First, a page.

by Jess Waters
NOW Communications Intern
As the fifth celebration of the annual Take Our Daughters to Work Day approaches, organizers at the Ms. Foundation are busy gearing up for the popular April 24 nationwide event. This year's theme is "Five Years of Work Towards a Lifetime of Confidence."
"We're very excited about the fifth anniversary benchmark of the program," said Lauren Weschler of the Ms. Foundation. "We're looking to involve as many young girls as possible and to spotlight the positive effects that the program has had on girls."
Initiated in 1993, Take Our Daughters To Work Day is a public education program sponsored by the Ms. Foundation and supported by NOW members across the country. The program is designed to combat the significant drop in self-esteem that often plagues girls during adolescence and to expose girls to positive role models who could serve as mentors.
On the fourth Thursday of every April, girls coast to coast accompany an adult mentor into the workplace. The girls spend the day shadowing the mentor -- be it a parent, relative or friend -- and learn about the opportunities open to women in various fields. Another long-term goal of this event is to help girls feel "healthy, confident and strong as they enter into womanhood," Weschler said.
Take Our Daughters To Work Day has grown dramatically since its inception. A 1996 Roper Starch poll found that 16.6 million adults said that they or their spouses personally took a girl into their workplace during the 1996 event. This was an increase of 7.6 million people from 1995.
In an effort to showcase strides the program has made, a national search for participant stories is underway. Past participants should submit stories to the Ms. Foundation by April 7. Six of the best stories will be featured in a national press release, and the winners will be flown to New York City or Los Angeles to go to work with a surprise celebrity mentor.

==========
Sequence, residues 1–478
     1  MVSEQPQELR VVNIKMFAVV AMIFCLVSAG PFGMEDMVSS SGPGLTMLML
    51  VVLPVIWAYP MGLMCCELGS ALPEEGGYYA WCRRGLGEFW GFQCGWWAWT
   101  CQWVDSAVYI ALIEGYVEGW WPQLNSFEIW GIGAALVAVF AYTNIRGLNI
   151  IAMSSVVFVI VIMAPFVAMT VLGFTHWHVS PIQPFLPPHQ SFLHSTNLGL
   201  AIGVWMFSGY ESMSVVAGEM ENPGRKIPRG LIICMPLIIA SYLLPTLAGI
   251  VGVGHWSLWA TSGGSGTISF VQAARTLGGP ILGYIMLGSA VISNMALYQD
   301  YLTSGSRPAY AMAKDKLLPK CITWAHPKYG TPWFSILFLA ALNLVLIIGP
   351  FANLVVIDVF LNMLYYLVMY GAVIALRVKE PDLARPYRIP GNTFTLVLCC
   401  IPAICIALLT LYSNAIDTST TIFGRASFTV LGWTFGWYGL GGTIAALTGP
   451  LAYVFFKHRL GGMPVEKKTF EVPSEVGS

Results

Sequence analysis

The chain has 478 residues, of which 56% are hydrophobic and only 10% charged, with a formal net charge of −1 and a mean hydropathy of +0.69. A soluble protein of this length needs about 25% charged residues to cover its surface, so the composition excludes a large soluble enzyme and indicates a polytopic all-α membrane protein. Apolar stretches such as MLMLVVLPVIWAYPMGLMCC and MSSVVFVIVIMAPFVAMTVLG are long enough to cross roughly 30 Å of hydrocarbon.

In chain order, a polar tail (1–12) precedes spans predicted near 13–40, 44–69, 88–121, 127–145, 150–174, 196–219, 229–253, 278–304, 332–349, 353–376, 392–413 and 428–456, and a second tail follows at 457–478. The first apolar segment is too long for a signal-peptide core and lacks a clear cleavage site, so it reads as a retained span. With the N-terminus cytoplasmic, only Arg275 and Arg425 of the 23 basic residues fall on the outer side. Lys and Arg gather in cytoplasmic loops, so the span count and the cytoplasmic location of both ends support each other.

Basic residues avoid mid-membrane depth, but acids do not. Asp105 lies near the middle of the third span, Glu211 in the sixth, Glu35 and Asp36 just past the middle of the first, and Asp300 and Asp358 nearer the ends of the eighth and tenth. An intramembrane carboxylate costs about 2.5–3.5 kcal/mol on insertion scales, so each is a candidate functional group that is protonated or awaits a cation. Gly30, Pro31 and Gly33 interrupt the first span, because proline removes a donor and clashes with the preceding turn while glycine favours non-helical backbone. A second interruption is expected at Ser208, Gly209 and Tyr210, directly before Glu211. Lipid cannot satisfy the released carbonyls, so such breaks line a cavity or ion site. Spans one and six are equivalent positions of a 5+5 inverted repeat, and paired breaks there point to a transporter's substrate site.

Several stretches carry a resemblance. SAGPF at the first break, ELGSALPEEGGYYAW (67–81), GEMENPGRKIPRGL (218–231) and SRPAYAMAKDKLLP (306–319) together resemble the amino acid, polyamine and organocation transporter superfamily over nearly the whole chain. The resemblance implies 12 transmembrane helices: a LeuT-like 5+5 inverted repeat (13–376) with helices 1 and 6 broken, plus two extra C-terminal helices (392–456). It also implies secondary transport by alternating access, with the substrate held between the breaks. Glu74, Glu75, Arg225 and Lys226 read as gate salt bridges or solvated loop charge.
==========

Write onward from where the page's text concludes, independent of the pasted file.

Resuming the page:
Take Our Daughters to Work Day promotes an idea that NOW advances for all girls: You can be anything you want to be.
"When girls see their mothers, aunts, sisters and mentors in empowered roles, then they understand what is possible for them -- everything!" said NOW Action Vice President Rosemary Dempsey. "This single day becomes important for an entire lifetime, and we all benefit."
According to a study published in 1992 by the American Association of University Women, "How Schools Shortchange Girls," such intervention into the lives of young girls is desperately needed. The study found that girls receive "significantly less attention from teachers in the classroom than do boys." Testimony from young women backs this up.
"Every day we are in school with boys who dominate situations; teachers call on them more; they get more recognized for sports and other situations that put the girls at a disadvantage and give boys an advantage in the future," wrote Emily Goldfrank, 14, in a letter to the Ms. Foundation.
Additionally, the AAUW study found that boys are encouraged more often to take high level math and science classes and, once in those classes, continue to receive more teacher attention than girls. As a result, the boys tend to have more confidence in their math and science abilities, and consequently more pursue higher education in those fields.
To address such educational inequities, programs like Take Our Daughters to Work Day refocus attention on young girls, celebrating their intelligence and abilities and encouraging them to follow their dreams.
"I dream of becoming President of the United States," said Erin Ferris, 12, a participant. "I know, because of Take Our Daughters To Work Day, that my dream is possible."
While critics of the event argue that the day should be open to boys as well, the Ms. Foundation has decided to keep the day reserved for girls because girls need -- if only for a day -- the extra attention they may not receive the rest of the year. Dedicating a day to girls assures them that they, and their dreams, are important to all members of the community, according to the Foundation.
"Every time we try to do something just for girls there is an outcry, so we have to make people see the big picture," Dempsey said. "Dads have been taking their sons to work for years to establish bragging rights and let the boys see what they can be and do when they grow up. Girls need that opportunity, too. In fact, we need to practice this every day of the year and not just one."
One participant, 13-year-old Reneques Allen, said a day to themselves "makes us feel good." And Christina Taliaferrow, also 13, said her participation has boosted her self-confidence to the point where "I speak out on issues" that she would have previously avoided.
Further information is available from the Ms. Foundation at 800-676-7780 or http://www.ms.foundation.org/. Past participant stories should be mailed to Take Our Daughters To Work Day, PMI Station, P.O. Box 3537, Southbury, Conn. 06488-3537.